M. K. Johnson is Lucire’s first beauty editor and is our Austin, Texas-based writer.
These high performance, glow-giving products are versatile and portable, writes M. K. Johnson
Pat McGrath is well known for avant-garde, fashion-forward, (website-crashing) cosmetic launches, but one aspect gets slightly less attention. Her products are powerful workhorses in any make-up artist’s kit. Every product she launches solves a problem. Problems like not enough rich pigment, too much powder fall-out, glitter that doesn’t stay put, products that are too irritating, or too messy to be portable, and the like. Make-up artists snap up her products because they make some aspect of application easier and with better payoff.
Each of her products can be used many ways, in various settings. The two Skin Fetish 003 kits are no exception. Each kit comes with a clear Shiny Stick balm, a cream highlighter stick on the other end, a powder pigment and the perfect brush to apply it all. The Nude kit has a powder shimmer that flashes hot pink, and a lustrous highlighter stick in pearlized cool pink-beige. The Gold set comes with powder pigment that flashes sunny-yellow, and a highlighter stick in warm, shimmery gold.
It will take me at least six months (maybe longer) to work out all the different ways I can use these products. For now, I’ve put together a list of my favourite ways to apply them.
Note to make-up artists: my biggest recommendation is to buy both the Gold and Nude sets if you can. While each set is beautiful on its own, it’s the combination of the two sets of colours that I use most. The beauty of the sets is that I can control how much of each shade I want in the mix to get the desired effect. I also go through the Shiny Stick balm rather quickly, and having two just made more sense for me. For personal use, just choose the kit that flatters your own complexion best.
Shiny Stick Balm
1. The best reason to have this in your kit: it has the best characteristics of two coveted clear gloss products. It has the high shine of MAC eye gloss, without the acrylate stickiness. And it has the treatment benefits of cult favourite Weleda Skin Food, without the Lanolin or Peanut Oil as Skin Food has. Those are two ingredients which can be problematic for sensitive skin clients and those with allergies. (Ingredient lists for SkinFestish003 are pictured at the bottom because, trust me, you don’t want me to try to type that out.)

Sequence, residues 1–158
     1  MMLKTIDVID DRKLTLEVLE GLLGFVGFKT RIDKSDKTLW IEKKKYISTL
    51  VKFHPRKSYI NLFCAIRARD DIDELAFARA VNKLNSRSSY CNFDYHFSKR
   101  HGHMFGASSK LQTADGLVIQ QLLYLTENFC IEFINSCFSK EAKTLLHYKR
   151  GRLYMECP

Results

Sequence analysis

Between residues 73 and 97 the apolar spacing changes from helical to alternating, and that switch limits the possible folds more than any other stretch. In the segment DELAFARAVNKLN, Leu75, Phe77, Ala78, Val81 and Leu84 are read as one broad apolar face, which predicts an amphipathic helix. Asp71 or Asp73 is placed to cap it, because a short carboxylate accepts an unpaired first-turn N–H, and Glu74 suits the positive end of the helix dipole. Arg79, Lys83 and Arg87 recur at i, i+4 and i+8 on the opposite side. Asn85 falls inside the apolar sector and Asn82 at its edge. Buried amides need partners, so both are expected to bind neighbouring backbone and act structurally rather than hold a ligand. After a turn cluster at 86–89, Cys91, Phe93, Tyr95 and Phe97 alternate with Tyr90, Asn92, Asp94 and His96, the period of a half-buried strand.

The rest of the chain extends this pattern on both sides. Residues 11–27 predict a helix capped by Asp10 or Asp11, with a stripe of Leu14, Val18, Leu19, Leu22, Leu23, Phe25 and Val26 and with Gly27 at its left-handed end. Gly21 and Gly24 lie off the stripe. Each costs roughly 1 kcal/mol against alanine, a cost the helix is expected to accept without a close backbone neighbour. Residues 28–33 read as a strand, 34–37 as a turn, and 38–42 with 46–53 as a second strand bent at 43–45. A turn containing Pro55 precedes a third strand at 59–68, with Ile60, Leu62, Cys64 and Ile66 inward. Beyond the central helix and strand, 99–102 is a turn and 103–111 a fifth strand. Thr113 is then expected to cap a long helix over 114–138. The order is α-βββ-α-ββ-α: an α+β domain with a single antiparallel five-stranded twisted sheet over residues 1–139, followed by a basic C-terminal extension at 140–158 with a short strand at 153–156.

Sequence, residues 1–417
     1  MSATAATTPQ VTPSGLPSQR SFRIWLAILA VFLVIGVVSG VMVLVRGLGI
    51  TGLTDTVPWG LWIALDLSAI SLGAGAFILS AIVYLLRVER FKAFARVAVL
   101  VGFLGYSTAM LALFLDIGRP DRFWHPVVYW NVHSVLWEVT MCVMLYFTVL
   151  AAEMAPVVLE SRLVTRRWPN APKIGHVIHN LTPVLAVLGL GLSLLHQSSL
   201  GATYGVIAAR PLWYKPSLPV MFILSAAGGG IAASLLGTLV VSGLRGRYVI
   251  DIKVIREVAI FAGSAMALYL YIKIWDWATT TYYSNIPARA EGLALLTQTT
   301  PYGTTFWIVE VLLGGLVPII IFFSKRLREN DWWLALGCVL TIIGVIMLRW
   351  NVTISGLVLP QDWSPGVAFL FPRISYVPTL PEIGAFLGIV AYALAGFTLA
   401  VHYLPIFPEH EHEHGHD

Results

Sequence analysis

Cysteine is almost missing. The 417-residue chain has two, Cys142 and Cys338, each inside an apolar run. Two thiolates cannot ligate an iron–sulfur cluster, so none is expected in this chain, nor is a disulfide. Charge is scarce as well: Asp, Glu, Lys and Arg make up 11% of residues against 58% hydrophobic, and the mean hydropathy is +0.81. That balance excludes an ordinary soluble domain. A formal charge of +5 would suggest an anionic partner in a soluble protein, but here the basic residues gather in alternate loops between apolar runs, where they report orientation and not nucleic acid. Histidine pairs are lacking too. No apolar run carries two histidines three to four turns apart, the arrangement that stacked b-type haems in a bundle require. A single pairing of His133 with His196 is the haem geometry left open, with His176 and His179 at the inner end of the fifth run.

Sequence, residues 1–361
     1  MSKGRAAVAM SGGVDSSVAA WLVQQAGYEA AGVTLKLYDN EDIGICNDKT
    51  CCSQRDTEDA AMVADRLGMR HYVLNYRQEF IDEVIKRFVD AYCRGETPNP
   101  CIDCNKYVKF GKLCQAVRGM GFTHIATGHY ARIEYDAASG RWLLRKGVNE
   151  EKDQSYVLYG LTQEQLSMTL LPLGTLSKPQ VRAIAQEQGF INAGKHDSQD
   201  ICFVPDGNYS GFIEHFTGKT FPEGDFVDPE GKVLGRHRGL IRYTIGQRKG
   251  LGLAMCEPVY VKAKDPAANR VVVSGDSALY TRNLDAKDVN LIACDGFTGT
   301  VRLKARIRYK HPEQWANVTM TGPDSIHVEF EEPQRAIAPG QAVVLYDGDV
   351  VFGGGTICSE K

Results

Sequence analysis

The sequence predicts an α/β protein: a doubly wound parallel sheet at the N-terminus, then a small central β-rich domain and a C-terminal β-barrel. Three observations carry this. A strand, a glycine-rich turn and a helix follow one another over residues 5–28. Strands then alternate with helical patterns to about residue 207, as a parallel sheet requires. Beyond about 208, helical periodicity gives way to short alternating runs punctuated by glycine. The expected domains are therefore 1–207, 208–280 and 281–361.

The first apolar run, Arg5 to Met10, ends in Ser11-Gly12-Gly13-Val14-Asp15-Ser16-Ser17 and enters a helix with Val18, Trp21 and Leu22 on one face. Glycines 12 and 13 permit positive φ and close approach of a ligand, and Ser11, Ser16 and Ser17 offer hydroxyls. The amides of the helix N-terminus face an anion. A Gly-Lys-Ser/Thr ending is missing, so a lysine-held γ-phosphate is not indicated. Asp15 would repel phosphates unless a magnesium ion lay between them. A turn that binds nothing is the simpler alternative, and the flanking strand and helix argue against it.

2. I can testify to its almost supernatural ability to tame dry, sensitive, flaky skin. I’ve used this on my own peeling, flaky, red “Retin-A” face to get make-up to go on smoothly and it works like a dream. (Just call it the ‘complexion whisperer’.)
3. The balm works as a clear, dewy highlighter on top of any shimmer product—tapped onto the skin. It transforms a harsh shimmer into a soft gleam. And it does it without causing make-up to mix together or slide around. (Just don’t rub it into the skin.) My favourite way to use this is to apply the powder pigment rather heavily, and then tap the balm in over the surface. It feels comfortable and looks ethereal in photographs.
4. Eye lid gloss. The balm, like other eye gloss formulas, will still crease any pigment you apply with it, but the effect is still far more comfortable than other products. The wearability is about the same, so I still only recommend it as an editorial product when used on lids. As street wear, it’s a little too “slippy”. But for the same wear, models and clients will be so much happier with the comfort of the Shiny Stick balm. It’s also much easier to remove than MAC eye gloss and other similar products.
5. Lip balm. It can be used to soften cracked lips (and dry nose area).
Bonus use: eyelash and eyebrow gloss on male, or no-make-up-look models. This has just enough shine to make eyelashes and eyebrows glossy and a little bit more defined. (Only use this way if you are able to keep your balm sanitized.)
Shiny Stick Highlighter